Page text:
ANNAPOLIS – Although its opposition was not unanimous, leaders of the Women Legislators of Maryland consider the defeat of a bill to ban partial birth abortions one of their proudest accomplishments this session.
“We had some really good wins this time,” said Delegate Sue Hecht, D- Frederick, first vice-president of the caucus. “We were able to maintain full reproductive rights for women.”
The Senate approved the legislation after 1998 elections produced a more conservative body there, but the House rejected the bill. In both houses and in the women’s caucus the measure was a controversial one.
The nine senators and 46 delegates in the women’s caucus who usually move unanimously on issues did not do so this time. Instead, they opposed the bill after taking a caucus vote.
“It was a simple majority vote,” said Delegate Adrienne Mandel, D- Montgomery, co-chair of the caucus’ Legislative Committee. “As a group, we opposed the partial birth abortion ban, and we were successful in getting the General Assembly to oppose it.”
The caucus did unanimously support a bill protecting domestic violence victims in dating relationships by allowing them to apply for a restraining order.
When the House Judiciary Committee reviewed the bill, the panel expanded it to include all individuals who feel threatened by certain acts, like harassing phone calls and mail. The bill became known as the “Peace Order Bill.”
“The Judiciary Committee expanded the domestic violence dating bill enormously to include much, much more,” Hecht said.
The women’s group typically focuses on a range of issues, including substance abuse and treatment, women and children’s health, gender bias, reproductive rights, domestic violence, women in prison and economic empowerment.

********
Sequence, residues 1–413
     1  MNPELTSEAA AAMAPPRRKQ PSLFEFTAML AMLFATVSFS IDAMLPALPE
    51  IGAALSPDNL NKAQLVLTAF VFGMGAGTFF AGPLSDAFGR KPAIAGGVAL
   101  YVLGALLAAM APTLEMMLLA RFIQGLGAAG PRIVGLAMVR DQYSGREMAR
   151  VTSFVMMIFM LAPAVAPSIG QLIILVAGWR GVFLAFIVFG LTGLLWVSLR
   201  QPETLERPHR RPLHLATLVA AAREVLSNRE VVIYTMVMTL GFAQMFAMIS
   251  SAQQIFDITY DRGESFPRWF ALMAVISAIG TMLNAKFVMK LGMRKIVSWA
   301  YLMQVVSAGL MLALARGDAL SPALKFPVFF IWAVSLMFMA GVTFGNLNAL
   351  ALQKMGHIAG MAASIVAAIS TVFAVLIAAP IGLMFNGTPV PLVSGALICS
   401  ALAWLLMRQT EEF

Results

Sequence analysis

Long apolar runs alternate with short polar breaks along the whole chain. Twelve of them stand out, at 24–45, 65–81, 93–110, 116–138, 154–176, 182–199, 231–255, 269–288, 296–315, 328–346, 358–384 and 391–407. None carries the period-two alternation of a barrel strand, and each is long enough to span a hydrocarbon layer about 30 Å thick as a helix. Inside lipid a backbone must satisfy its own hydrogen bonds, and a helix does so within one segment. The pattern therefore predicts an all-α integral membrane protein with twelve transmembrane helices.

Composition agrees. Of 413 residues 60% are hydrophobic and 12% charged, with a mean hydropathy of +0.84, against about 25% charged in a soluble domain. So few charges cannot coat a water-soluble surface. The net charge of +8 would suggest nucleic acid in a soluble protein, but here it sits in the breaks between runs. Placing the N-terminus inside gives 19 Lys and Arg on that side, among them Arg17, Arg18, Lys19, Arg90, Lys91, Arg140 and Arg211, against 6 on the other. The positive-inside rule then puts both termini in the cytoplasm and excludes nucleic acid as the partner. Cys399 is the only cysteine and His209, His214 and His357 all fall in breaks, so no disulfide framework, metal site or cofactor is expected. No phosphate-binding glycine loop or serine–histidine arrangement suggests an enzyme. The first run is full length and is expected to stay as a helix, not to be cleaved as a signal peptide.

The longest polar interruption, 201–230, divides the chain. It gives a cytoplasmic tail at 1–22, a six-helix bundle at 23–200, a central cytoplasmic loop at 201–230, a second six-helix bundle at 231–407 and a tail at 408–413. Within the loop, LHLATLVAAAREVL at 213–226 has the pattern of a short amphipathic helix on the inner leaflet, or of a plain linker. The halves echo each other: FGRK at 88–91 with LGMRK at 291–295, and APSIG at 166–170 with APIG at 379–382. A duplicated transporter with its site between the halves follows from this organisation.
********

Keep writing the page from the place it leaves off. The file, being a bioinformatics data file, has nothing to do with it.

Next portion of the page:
For each issue tackled, the group issues position statements. They lobby more forcefully for issues they feel might be overlooked without their direct attention.
The women’s caucus claimed victory for several other measures this session, including bills requiring insurers to cover the costs of annual chlamydia screening tests and providing for universal newborn hearing screening. But the General Assembly rejected several other health bills that Mandel said are just as important.
For example, the Judiciary Committee rejected a bill to make it a misdemeanor for health practitioners, police officers, educators or human service workers to knowingly fail to report suspected child abuse or neglect. And, the Environment and Economic Matters Committee rejected a bill to require businesses to apply for permission to use pesticides near child-care facilities. “Health issues are one of our top priorities,” Mandel said. “I think it takes many years of education and explanation to get some of them passed, particularly issues that go beyond strict legal interpretation.” The women legislators said they would continue to fight for the issues they lost this year. While they did not commit to any specific issues for next year, Mandel said she expects many of their losses this year to reappear on their agenda next year. “It takes a while to get things passed sometimes,” she said.